M. CHARLES YRIARTE’S Francoise de Rimini dans la Légende et dans I’Histoire 1 is a valuable addition to Dantesque literature ; giving in a brief and attractive form the results of the efforts made by himself, and others before him, to ascertain the facts concerning the tragedy sketched by Dante in the fifth canto of the Inferno, and the three persons who figured in it.
The author foreshadows his own conclusions at the outset, when he avers that “ the legend, thanks to the incomparable genius of Dante, has acquired a life more real than that of history.” Most of the first chapter, which comprises a somewhat vague description of the state of the Holy Roman Empire in general, and of Italy in particular, during the thirteenth century, is wholly superfluous. The interest begins only with the second chapter, in which Francesca’s story, as given in the Inferno, is criticised, and the dramatis personæ are discussed.
Francesca’s family derived its name from the castle of Polenta, near Ravenna, and first appears in history in 1196. Her father, Guido di Lamberto di Ravenna, called Guido the Younger, was a Guelfic condottiere, and in 1275 Gregory X. rewarded his services to the Papacy by appointing him to rule over Ravenna. It was in this year (1275) that her fatal marriage with Giovanni di Malatesta, nicknamed Gianciotto (Lame John), took place. Giovanni was the son of Malatesta da Verucchio di Rimini, and was not only lame, but ill-favored. At the age of twenty he had already gained a reputation as a military leader, and he is constantly named, between 1278 and 1304, as podestat of Forli, Faluza, and Pesaro. He was probably born about the year 1248, and Francesca between 1255 and 1260.
Paolo di Malatesta, Francesca’s lover, was as handsome as his brother was ugly, — so handsome that he was surnamed II Bello. He was born in 1252, and in 1269 married Orabile Beatrice, daughter of Uberto, Count of Chiaggioli. This marriage was designed to secure the Malatestas in the possession of certain lands which they had coveted and unjustly seized. While all agree that Francesca’s marriage was in the nature of a treaty between the Polenta and Malatesta families, opinions differ as to the moving cause. Some maintain, with Boccaccio, that hostilities had existed between them, and that the marriage was a pledge of peace; others follow the conclusion of Muratori, based on certain chronicles of the fourteenth century, that it was the price paid by the Polentas for friendly services rendered them in time of need by the Malatestas. The fact remains, in either view of the case, that Francesca was sacrificed to political expediency.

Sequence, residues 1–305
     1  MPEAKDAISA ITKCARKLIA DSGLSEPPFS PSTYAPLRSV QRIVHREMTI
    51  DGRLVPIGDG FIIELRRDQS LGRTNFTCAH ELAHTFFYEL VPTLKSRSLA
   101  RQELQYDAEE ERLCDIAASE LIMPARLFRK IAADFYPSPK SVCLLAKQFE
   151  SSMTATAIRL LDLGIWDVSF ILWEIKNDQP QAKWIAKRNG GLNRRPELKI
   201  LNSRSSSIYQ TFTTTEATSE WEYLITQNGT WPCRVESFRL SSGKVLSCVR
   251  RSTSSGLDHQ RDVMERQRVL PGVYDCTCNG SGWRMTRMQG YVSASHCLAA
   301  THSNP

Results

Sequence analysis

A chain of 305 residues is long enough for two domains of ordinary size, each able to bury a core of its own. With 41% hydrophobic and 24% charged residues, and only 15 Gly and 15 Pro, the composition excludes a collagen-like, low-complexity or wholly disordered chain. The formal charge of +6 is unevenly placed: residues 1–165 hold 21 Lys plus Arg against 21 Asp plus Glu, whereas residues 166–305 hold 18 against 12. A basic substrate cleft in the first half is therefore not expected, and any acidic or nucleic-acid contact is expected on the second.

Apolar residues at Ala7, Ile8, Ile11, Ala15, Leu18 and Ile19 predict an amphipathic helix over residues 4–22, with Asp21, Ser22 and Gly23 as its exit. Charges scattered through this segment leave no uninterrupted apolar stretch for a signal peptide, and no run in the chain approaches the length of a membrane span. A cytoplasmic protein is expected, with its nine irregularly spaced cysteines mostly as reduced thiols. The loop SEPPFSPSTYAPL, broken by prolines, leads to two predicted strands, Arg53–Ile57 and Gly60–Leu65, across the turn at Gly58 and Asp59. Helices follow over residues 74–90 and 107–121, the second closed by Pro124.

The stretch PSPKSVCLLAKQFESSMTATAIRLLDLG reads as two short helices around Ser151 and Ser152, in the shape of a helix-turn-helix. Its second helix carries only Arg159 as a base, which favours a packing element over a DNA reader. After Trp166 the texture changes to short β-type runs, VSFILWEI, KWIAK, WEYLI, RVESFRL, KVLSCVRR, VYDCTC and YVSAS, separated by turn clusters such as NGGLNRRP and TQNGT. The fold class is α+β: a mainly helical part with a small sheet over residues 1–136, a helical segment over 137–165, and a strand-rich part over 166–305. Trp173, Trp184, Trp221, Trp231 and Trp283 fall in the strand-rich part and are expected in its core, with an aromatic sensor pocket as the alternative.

M. Yriarte next proceeds to inquire into the circumstances of the tragedy and Dante’s knowledge of them. However he acquired that knowledge, it was not during his residence with the Polenta family, which began in 1317, for the Inferno was written in 1300. The comparison of these dates, moreover, conclusively proves that he did not immortalize Francesca’s story to requite the good offices of her family, as has been asserted, and makes one suspect that, on the contrary, their favor was bestowed in requital of his lines.
Dante was twenty years of age in 1285, when Francesca and Paolo were murdered ; old enough to be in the way of learning all the details of the case.